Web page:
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The Importance of the Insulin-like Growth Factor Signaling Pathway in Lung Cancer and the Potential of its Components as Therapeutic Targets

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dc.contributor.advisor Moorehead, Roger
dc.contributor.author Franks, Sarah Elizabeth
dc.date.accessioned 2015-05-15T13:42:44Z
dc.date.available 2015-05-15T13:42:44Z
dc.date.copyright 2015-05
dc.date.created 2015-05-13
dc.date.issued 2015-05-15
dc.identifier.uri http://hdl.handle.net/10214/8860
dc.description.abstract Lung cancer is the leading cause of cancer-related mortalities worldwide. Despite the introduction of new therapeutics, there has been very little improvement in survival for patients with advanced stage disease. The insulin-like growth factor (IGF) system is frequently activated in lung cancer and the type I insulin-like growth factor receptor (IGF-IR) has emerged as a potential therapeutic target. However, clinical trials to date have had limited success and it is clear that a more thorough understanding of the IGF-system is required to improve clinical efficacy in targeting this pathway. Here we show that treatment with a dual inhibitor that targets the IGF-IR and the insulin receptor decreased proliferation and survival of lung cancer cells, which was mediated by inhibition of Akt signaling. Furthermore, use of the dual inhibitor enhanced the effects of low doses of platinum therapeutics in lung cancer cells. Akt is an important mediator of IGF-IR signaling and is currently under investigation as a therapeutic target in its own right. Akt exists as three isoforms (Akt1-3), which were previously thought to be largely redundant in activity; however, recent evidence indicates that they have unique functions. In order to investigate the specific roles of Akt isoforms in lung tumorigenesis our lab used a previously developed tissue-specific, inducible transgenic mouse model of lung cancer. In these mice, IGF-IR overexpression in type II alveolar cells is sufficient to induce the formation of nodular adenomas and adenocarcinomas. By combining these transgenic mice with isoform specific Akt knockout mice, we were able to determine if the lack of a single Akt isoform was sufficient to disrupt lung tumorigenesis. Akt1 deficiency was sufficient to decrease IGF-IR-mediated lung tumor development resulting in fewer surface tumors and a lower tumor burden but having no influence in tumor histology. In contrast, Akt2 deficient mice had an increase in tumor burden as well as a change in tumor histology. These mice had diffuse tumor tissue throughout their lungs as tumors did not maintain nodular growth. Therefore, Akt isoforms have unique roles in IGF-IR mediated lung tumorigenesis, which should be reflected in the design and implementation of Akt-targeting therapeutics. en_US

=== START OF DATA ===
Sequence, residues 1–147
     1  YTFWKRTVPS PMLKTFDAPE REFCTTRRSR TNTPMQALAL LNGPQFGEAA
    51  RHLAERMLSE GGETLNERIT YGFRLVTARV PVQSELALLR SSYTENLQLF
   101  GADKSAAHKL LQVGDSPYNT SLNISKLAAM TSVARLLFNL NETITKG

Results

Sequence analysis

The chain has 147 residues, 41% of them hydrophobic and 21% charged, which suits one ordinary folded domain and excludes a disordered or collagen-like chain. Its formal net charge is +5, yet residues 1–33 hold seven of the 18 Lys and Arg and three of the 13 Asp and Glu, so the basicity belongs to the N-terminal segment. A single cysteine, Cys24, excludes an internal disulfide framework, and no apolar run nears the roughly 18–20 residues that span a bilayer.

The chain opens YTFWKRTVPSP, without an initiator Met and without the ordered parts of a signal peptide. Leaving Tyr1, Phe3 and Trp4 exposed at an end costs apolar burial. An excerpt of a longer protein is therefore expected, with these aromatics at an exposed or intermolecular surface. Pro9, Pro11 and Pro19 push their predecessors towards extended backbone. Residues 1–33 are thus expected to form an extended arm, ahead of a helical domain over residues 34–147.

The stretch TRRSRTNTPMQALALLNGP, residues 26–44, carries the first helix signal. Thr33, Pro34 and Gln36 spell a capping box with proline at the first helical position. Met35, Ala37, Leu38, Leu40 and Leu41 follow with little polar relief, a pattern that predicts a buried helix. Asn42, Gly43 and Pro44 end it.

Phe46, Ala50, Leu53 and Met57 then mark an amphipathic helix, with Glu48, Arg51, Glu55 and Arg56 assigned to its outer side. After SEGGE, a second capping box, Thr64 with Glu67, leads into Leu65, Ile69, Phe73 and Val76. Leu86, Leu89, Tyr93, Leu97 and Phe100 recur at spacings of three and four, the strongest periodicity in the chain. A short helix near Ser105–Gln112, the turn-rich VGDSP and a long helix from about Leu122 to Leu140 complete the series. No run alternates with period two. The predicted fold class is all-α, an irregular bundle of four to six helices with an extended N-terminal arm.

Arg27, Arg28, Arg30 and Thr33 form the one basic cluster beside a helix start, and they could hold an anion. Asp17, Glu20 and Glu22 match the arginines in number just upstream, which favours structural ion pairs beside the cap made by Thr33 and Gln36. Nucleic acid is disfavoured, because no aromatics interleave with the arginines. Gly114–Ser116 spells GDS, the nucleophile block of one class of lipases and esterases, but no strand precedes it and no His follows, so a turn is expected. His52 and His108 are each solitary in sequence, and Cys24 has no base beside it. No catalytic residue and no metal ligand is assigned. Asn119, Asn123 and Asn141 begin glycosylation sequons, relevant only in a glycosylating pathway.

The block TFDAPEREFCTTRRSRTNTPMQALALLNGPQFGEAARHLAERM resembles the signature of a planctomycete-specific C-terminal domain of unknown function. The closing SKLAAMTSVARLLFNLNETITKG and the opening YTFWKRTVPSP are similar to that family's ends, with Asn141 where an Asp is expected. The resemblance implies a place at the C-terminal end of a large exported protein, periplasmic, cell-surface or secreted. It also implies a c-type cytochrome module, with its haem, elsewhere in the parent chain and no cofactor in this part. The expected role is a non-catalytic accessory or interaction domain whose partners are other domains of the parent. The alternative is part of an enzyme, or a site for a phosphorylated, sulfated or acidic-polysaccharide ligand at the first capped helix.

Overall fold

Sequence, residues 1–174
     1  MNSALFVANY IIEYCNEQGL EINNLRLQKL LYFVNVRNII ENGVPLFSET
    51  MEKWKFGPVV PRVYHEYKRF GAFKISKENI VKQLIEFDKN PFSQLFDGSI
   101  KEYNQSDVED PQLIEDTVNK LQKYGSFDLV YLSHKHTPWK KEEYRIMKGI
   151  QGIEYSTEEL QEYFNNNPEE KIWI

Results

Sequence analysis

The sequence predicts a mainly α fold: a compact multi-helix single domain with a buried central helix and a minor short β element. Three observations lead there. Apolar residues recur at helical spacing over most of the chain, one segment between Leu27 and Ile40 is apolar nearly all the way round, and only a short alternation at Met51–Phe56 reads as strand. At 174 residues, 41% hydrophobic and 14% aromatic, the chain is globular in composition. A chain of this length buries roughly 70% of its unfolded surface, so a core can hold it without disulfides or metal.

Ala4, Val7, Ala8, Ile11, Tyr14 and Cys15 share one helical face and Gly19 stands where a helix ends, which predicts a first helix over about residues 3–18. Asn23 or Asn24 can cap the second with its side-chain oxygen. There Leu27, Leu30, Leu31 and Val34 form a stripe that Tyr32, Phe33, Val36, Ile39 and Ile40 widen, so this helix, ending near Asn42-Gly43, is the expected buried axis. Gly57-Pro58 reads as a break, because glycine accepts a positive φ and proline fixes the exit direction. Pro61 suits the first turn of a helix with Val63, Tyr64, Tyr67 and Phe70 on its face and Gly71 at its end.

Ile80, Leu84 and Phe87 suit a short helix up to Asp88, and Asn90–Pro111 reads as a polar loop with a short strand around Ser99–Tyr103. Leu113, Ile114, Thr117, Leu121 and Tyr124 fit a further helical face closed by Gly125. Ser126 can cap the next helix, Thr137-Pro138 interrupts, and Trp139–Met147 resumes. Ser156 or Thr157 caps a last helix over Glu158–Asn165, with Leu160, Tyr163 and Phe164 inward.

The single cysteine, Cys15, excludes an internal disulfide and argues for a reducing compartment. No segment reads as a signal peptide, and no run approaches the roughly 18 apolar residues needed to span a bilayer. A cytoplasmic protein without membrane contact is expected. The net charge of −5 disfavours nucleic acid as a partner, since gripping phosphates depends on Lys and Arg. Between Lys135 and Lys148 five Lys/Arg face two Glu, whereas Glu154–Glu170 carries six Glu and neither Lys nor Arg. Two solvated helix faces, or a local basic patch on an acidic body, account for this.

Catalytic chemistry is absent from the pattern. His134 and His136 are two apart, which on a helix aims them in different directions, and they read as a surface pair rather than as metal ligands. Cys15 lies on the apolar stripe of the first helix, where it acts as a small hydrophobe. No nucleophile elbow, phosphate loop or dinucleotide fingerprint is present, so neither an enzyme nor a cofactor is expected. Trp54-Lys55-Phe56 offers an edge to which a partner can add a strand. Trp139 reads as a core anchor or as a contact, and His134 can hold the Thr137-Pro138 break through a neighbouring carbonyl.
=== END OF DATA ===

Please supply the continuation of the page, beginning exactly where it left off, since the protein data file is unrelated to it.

dc.description.sponsorship Canadian Cancer Society Research Institute en_US
dc.language.iso en en_US
dc.subject Lung Cancer en_US
dc.subject The type I insulin-like growth factor receptor (IGF-IR) en_US
dc.subject Akt Isoforms (Akt1 and Akt2) en_US
dc.subject Transgenic Mouse Models en_US
dc.subject Kruppel-like factor 5 (KLF5) en_US
dc.title The Importance of the Insulin-like Growth Factor Signaling Pathway in Lung Cancer and the Potential of its Components as Therapeutic Targets en_US
dc.type Thesis en_US
dc.degree.programme Biomedical Sciences en_US
dc.degree.name Doctor of Philosophy en_US
dc.degree.department Department of Biomedical Sciences en_US
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